Leading experts on the Amish, including Goshen College’s Steve Nolt, explain surprising forgiveness of Nickel Mines schoolhouse killer in new book

UPDATE (11/5/07):
  • “Amish Grace” included on Publishers Weekly’s Best of 2007 list (one of 15 Religion titles).

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In the media:

GOSHEN, Ind. – The Amish response to the murders of five schoolgirls in Nickel Mines, Pa., last Oct. 2 was even more surprising than the intrusion of evil into bucolic Lancaster County.Just hours after the shootings, the community forgave killer Charles Roberts and reached out to his widow, attending his burial and contributing to a fund for the family. How could the Amish offer such radical forgiveness in the face of their own sorrow and grief?

Goshen College Professor of History Steven M. Nolt, a leading expert on the Amish, is one of the co-authors of the new book “Amish Grace: How Forgiveness Transcended Tragedy” (Jossey-Bass, A Wiley Imprint, Sept. 27, 2007), which explores the history, theology and culture of the Amish, connecting forgiveness to their entire way of life. The book is based on conversations with over two dozen Amish people in the Nickel Mines area, including family members of the murdered children. The three Anabaptist authors – Nolt, Senior Fellow at the Young Center of Elizabethtown College Donald B. Kraybill and Associate Professor of American Religious History at Messiah College David L. Weaver-Zercher – also spoke to relatives of the gunman.

The Amish are a people “uncommonly prepared to respond with graciousness, forbearance, and love,” the authors say. Their extension of grace was neither calculated nor random, but emerged from who they were long before the awful day that claimed the lives of five of their children. The Amish stand in a centuries-old tradition that supports the decision to forgive. They believe God expects people to forgive and that their own martyred ancestors modeled forgiveness by not seeking revenge.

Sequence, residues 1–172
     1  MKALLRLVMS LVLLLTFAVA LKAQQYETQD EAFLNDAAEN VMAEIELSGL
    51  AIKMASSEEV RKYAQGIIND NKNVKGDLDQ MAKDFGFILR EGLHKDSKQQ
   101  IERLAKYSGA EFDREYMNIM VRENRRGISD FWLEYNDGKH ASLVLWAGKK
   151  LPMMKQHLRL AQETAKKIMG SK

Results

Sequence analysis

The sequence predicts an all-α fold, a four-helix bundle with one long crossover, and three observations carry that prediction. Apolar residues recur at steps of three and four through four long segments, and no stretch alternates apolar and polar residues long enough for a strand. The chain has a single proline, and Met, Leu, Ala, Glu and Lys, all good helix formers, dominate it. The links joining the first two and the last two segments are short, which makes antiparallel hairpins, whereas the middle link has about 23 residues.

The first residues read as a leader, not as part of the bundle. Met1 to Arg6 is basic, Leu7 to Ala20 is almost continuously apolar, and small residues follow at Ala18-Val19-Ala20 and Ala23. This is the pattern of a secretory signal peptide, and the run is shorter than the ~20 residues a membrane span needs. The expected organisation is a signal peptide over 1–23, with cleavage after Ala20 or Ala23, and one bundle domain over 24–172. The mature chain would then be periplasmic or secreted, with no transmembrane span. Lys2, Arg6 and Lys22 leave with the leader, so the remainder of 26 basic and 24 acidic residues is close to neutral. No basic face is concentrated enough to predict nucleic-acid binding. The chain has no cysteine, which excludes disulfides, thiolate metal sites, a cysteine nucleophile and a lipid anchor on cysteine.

“It’s just what we do as nonresistant people. It was spontaneous. It was automatic. It was not a new kind of thing,” the Amish told the authors. Every Amish person they spoke with agreed: forgiveness for Roberts and grace for his family were spontaneous expressions of faith, not mandates from the church. It is woven into the fabric of their communal life, spun from faith in God, scriptural mandates and a history of persecution.

The Amish response to the Nickel Mines killings offers new insights into the possibilities and practices of forgiveness, even in the face of tragic and horrific human events. “Perhaps our real human need is to find ways to move beyond tragedy with a sense of healing and hope,” the authors write. “What we learn from the Amish, both at Nickel Mines and more generally, is that how we choose to move on from tragic injustice is culturally formed.”

“Regardless of the details of the Nickel Mines story one message rings clear: religion was not used to justify rage and revenge but to inspire goodness, forgiveness and grace,” the authors conclude. “And that is the big lesson for the rest of us regardless of our faith or nationality.”

The story of Amish forgiveness struck a chord around the world, because as Nolt said, “I think in a world where religion – rightly or wrongly – [only] becomes a news story when it is involved in stirring up hate and division, to have a story where religion is encouraging compassion seemed to be a new thing for a lot of people.”